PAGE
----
‘Vishnu’s  Butter Ball’, a giant granite stone that is perfectly balanced on the hill

An Organic Paradise

July 22, 2011

Today was an epic day.  This morning a taxi ride took us to the jungle of the ashram’s organic farm, where they produce all the fruits and vegetables to feed 1,500 people a day. They even grow all of the rice for the ashram. The only exception is the wheat for baking bread, as wheat only grows in North India.

Bug spray is a must!

Dan, our guide Deberatu in the center, and the organic farm director, Bhavaram on the right

One of our guides is a tall, lanky gentleman named Debabrata, which his mother gave him because it means “divine mission.” He has lived at the ashram for 35 years. He used to be a follower of Vivekenanda, but when he was 21 he discovered the Mother. It’s a great story, I’ll post about it later.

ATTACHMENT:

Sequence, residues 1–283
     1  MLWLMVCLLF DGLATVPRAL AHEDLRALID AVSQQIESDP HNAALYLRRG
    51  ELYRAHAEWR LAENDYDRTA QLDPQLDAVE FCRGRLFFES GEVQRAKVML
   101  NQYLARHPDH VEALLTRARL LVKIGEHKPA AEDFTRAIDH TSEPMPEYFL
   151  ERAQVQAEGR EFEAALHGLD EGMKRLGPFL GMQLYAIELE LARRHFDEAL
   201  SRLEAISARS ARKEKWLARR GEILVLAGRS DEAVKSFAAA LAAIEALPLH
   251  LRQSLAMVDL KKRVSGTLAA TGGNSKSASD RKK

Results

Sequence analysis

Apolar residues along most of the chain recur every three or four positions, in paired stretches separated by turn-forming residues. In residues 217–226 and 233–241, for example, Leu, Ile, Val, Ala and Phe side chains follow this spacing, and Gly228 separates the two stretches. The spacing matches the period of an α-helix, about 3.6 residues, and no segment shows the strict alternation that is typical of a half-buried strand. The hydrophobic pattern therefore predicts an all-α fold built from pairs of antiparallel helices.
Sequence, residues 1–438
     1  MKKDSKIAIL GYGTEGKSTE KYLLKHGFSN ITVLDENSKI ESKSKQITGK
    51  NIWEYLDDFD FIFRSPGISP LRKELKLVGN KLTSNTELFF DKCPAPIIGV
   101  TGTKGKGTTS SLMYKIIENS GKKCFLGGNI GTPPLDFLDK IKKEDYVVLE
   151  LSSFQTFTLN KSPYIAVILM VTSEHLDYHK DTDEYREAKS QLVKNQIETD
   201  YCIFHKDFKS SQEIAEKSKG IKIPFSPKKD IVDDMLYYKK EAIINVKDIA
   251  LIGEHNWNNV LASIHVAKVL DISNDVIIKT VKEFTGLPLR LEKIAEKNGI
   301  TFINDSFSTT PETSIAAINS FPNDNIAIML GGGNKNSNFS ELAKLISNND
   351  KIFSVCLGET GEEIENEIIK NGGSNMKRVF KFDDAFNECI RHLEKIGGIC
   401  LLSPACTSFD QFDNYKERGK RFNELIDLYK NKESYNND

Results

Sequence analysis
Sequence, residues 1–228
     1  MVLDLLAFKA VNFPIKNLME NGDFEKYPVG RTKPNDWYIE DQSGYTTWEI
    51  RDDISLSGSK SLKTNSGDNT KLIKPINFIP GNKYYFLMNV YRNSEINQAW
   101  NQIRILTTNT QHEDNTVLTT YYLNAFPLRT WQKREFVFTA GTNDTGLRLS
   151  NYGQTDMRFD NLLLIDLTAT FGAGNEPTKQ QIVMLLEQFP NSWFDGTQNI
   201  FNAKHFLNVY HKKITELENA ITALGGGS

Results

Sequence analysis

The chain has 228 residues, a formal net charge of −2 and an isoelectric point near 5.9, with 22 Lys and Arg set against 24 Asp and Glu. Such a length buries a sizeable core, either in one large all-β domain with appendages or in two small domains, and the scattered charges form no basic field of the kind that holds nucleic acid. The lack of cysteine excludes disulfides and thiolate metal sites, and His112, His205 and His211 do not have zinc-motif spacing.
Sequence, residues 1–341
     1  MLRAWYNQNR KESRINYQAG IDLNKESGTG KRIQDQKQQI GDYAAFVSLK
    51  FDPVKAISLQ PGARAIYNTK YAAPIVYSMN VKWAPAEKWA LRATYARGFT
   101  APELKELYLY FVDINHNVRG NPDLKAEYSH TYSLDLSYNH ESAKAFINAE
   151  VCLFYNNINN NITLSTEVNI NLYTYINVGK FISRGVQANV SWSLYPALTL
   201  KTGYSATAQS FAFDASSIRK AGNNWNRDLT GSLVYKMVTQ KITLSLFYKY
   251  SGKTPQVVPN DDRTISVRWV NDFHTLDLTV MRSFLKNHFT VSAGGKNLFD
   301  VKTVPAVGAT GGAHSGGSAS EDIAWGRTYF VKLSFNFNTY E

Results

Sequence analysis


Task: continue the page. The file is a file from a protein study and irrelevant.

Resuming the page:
The fragrant champa flower, which has over 200 varieties. The other day I bought some locally made champa soap and it smells up the whole bathroom. 

The farm is not like our mono-cultured crops, all the plants in perfect rows. The farm mirrors how plants grow in nature, all the plants mixed up. The farm workers know where all the plants are, they are clearly identifiable and cannot get misplaced. Some crops are grown alongside other plants that promote pollination. This model is much healthier for the plants, and less work for the humans. They use the in situ composting technique, which means that vegetable debris is thrown directly into the garden beds, instead of being left to decompose in a pile first. Soil is layered with vegetable matter, so it can fertilize directly in the beds.

 In situ composting: Potato plants with hibiscus flowers layered on beds

The farm also has a medicinal herb garden, for teaching about the healing  power of plants.

This herb’s leaves are used  to heal any mouth sores and also doubles as a mouth freshener!